When production, transportation and personnel were secured the oil business started to focus on her next state of fair: distillation. The distillation of crude oil into valuable products is, as Bissell's Yale professor said, not much of a deal. In fact, anybody who can make moonshine from potato peels can make kerosene out of petroleum. The challenge that needed to be negotiated was in the field of applications. Scientists were hired whose sole mission was to figure out what petroleum could be made into, and what could be done with the product. And with the advent of an iridescent pallet of products that nobody had ever heard of, came marketing and worldwide promotion. But the world was more receptive than anybody had hoped for. In the late 1860's and early 70's the Titusville Bang expanded to cover the entire world and much to the dismay of the Pennsylvanians, other states and countries began to drill for oil themselves and within a few years Pennsylvania's head-start had vanished.

🔼What to do with it?

Initially kerosene was the prime treasure to be distracted from crude oil, but that changed when in 1876 Herr Otto invented the gasoline engine, in 1897 Herr Diesel invented the diesel engine, in 1903 sirs Orville and Wilbur Wright built and flew the first motor plane, and in that same year mister Henry Ford revolutionized the infant automobile industry. When a decade later the First World War broke out, myriads of airplanes were up and running and played a crucial role in the outcome of the conflict. Warships that had previously been powered by coal-fired steam propulsion were equipped with diesel installations. Coal and steam gave the ships a smoke tail that was visible when the ships themselves where still below the horizon. Diesel installation could be tuned so precisely that the output of attention drawing smoke was brought to a minimum. The nations of the world embraced petroleum for warfare, and the black gold attracted fierce political interest.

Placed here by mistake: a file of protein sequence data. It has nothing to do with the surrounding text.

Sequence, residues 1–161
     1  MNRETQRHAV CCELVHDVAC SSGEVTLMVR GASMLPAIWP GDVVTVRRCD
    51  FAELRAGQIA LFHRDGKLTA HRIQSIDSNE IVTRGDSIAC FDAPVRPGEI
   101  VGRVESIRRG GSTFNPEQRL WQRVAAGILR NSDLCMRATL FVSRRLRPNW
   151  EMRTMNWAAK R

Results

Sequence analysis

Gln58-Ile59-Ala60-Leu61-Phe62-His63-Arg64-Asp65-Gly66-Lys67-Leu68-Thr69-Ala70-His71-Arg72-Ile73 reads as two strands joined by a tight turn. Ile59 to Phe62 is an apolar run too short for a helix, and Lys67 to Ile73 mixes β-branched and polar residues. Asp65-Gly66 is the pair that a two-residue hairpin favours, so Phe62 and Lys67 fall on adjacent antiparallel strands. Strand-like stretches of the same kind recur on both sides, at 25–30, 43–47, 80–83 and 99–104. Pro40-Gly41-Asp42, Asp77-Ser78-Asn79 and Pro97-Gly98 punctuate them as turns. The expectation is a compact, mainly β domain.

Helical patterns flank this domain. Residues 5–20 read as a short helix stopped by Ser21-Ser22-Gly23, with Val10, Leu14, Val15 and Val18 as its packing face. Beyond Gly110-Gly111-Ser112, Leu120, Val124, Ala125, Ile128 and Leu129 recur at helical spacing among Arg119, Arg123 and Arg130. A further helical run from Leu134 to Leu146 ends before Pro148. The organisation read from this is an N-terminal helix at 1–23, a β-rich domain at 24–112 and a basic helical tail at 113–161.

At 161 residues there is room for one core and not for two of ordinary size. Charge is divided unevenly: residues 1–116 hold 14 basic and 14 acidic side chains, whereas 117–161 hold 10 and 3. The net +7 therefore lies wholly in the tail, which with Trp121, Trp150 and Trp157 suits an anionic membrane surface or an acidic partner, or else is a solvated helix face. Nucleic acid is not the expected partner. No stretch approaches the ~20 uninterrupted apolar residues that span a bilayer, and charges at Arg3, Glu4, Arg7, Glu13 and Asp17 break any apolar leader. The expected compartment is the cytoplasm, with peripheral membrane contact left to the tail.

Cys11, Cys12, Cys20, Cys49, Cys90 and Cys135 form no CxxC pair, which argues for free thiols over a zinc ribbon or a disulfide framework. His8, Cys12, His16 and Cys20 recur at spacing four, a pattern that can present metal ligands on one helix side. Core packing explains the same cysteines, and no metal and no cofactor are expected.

During the fifty-five years before the First World War mankind had undergone a change that was no less vehement than the change mankind is presently marveling at. In fact, we may detect a single line of rapid progression that commenced at Titusville, was suspended somewhat while covering World War One and the global recession, found additional nutrition in the tributary of the quantum mechanical revolution, squeezed out another World War, and then proceeded to spawn the computer age.

Within a century and a half, mankind had approached a gravimetric center of interest. While still fighting for a spot nearest the glow, humanity sat down arm in arm around the campfire of oil, and later that of computers and later still that of the Web. And like every large empire in history could commence after some genius united the tribes, so earth had her guide. When the oil revolution was in its upswing the economy consisted of a mist of entrepreneurs and small companies. Wells, transport facilities, barrel and tank production and refineries where owned and operated by independent contractors with independent methods, itineraries and standards. But in the 1890's more than seventy-five percent of America's heavy industry was in the hands of one man who had understood the philosophies of Karl Marx in a rather unexpected way and became the arch-father of the multinational business-structures that remains to characterize contemporary capitalism.

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John Davison Rockefeller